In return, beginning in the mid-1950s, Pakistan became one of the largest recipients of U.S. foreign assistance. It has enjoyed the fruits of U.S. military and economic aid, including funding and technical assistance for institutions of higher education, programs of agricultural modernization and services for family planning, as well as the construction of large-scale infrastructure projects such as the Mangla and Tarbela dams. This assistance has long shaped socioeconomic and political life in Pakistan.

Although these exchanges have been beneficial for both sides, distrust has consistently marred this relationship. The United States has often accused Pakistan of playing multiple sides geopolitically, while Pakistan’s government has decried the U.S. relationship with India and its stance on Kashmir, especially in moments of crisis such as the 1965 India-Pakistan war.

A virulent strain of anti-Americanism has also flourished among urban, middle-class Pakistanis. The first public display of this anger occurred less than a year after Pakistan gained independence. In May 1948, more than 3,000 protesters stormed the U.S. Embassy in Karachi to protest American recognition of Israel. Since then, Pakistani citizens have periodically taken to the streets, chanting anti-American slogans and burning U.S. flags. Some even set the embassy in Islamabad on fire in November 1979, in response to a rumor that the United States had taken control of Masjid al-Haram (the Great Mosque of Mecca), a holy site in Saudi Arabia. Several people, including two Americans, were killed.

U.S. foreign policies are at the root of this discontent, with Pakistani citizens arguing that they have had to endure the tragic costs of geopolitical maneuvering between the two countries’ political leaders. However, it also stems from bitterness at U.S. attempts to shape geopolitics and socioeconomic life across the Muslim world.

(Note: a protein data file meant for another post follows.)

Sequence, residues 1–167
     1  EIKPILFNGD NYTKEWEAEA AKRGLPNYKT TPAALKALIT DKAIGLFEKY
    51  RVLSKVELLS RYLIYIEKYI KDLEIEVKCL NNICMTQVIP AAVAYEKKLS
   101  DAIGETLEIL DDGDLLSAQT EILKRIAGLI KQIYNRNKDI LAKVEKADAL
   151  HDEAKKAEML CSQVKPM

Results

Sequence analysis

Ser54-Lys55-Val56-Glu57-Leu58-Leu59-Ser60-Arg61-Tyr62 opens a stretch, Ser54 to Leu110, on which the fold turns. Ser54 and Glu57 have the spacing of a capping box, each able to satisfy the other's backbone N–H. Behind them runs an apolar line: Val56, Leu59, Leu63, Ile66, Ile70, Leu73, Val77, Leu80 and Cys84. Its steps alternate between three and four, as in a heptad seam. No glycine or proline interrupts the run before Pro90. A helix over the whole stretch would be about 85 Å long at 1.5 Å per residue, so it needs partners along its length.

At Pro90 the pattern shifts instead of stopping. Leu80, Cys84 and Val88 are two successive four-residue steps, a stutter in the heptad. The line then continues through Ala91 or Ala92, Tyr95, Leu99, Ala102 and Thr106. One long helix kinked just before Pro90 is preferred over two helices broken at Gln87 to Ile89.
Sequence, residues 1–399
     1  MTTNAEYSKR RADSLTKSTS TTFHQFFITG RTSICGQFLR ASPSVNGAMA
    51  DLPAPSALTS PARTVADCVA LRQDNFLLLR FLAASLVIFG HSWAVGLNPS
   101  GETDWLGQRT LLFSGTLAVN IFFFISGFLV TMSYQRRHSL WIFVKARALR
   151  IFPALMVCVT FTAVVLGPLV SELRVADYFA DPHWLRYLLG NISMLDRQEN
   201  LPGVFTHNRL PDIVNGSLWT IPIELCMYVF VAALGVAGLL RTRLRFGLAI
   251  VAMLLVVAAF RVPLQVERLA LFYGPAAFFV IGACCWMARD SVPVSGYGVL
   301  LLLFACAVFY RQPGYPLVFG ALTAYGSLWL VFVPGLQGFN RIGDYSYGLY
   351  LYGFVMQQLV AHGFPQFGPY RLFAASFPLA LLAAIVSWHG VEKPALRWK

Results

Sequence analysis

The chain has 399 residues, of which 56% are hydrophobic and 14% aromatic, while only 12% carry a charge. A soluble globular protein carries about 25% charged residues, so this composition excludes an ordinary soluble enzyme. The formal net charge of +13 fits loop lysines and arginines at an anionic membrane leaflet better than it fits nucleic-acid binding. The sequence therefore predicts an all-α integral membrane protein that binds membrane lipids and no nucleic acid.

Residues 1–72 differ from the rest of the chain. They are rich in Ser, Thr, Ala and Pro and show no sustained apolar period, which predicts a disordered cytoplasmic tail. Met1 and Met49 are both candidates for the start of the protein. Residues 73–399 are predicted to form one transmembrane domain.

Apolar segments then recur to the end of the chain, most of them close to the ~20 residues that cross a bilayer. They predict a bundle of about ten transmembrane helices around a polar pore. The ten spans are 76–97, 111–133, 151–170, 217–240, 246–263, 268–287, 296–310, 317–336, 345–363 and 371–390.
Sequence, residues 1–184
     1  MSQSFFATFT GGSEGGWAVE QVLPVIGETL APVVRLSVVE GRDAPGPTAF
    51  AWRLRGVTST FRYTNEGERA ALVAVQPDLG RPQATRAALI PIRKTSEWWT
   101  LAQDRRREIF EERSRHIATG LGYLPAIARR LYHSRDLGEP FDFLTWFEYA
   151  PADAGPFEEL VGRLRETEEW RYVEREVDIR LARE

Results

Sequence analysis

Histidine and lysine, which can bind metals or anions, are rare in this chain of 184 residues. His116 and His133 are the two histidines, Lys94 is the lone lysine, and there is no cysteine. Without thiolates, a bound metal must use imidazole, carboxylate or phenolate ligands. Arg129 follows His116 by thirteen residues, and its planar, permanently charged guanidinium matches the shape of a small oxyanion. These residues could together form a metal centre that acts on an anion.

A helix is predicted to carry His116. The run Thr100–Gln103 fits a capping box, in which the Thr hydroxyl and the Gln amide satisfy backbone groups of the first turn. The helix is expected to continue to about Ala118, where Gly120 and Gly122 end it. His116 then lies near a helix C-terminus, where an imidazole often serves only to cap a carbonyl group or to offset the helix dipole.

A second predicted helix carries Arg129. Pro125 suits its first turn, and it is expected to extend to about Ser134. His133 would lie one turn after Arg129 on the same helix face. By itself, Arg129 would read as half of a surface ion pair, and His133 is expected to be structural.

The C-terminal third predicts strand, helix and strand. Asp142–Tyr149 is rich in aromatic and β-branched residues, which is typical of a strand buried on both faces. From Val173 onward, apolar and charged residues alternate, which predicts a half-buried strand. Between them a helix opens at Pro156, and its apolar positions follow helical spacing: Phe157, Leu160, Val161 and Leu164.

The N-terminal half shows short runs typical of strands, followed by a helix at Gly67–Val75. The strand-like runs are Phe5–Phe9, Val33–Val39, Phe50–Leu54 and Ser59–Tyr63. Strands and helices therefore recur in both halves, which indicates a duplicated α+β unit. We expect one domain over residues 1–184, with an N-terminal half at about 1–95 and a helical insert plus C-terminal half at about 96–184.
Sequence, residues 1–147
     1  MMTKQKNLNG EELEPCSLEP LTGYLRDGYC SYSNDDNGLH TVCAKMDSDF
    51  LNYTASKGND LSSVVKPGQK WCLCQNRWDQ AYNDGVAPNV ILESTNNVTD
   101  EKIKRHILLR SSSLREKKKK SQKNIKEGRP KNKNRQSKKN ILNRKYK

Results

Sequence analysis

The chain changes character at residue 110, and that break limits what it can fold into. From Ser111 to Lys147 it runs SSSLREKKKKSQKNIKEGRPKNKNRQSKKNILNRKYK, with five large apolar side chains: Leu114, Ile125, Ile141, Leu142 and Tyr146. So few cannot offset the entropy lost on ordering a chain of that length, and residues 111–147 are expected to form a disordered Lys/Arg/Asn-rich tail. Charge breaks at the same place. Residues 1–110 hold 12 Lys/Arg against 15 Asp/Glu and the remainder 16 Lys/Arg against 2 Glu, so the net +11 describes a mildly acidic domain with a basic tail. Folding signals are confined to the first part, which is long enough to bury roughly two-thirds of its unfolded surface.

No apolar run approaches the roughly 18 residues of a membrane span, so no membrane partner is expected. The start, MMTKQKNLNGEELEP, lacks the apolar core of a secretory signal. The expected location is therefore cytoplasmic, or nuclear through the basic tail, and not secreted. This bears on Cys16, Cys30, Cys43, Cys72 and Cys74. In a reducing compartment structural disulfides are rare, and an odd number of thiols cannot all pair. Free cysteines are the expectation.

Perhaps not surprisingly, considering U.S. actions in the region and this suspicion, conspiracy theories accusing the United States of covertly interfering in Pakistan’s domestic politics have also flourished.

After the assassination of Liaquat Ali Khan, Pakistan’s first prime minister, in 1951, rumors circulated that the CIA had played a role as punishment for Khan refusing to secure oil contracts in Iran for American corporations. In 1958, Pakistanis again accused the United States of orchestrating Iskander Mirza’s constitutional coup to install a pro-U.S. regime. In neither case did substantive evidence exist of such meddling.

But that did little to dampen the prevalence of such claims. In 1977, Pakistani Prime Minister Zulfikar Ali Bhutto even went public with such accusations. He alleged that the CIA funded opposition forces in response to the development of Pakistan’s nuclear program and Bhutto’s ostensibly nonaligned foreign policy positions — including his refusal to support the Vietnam War.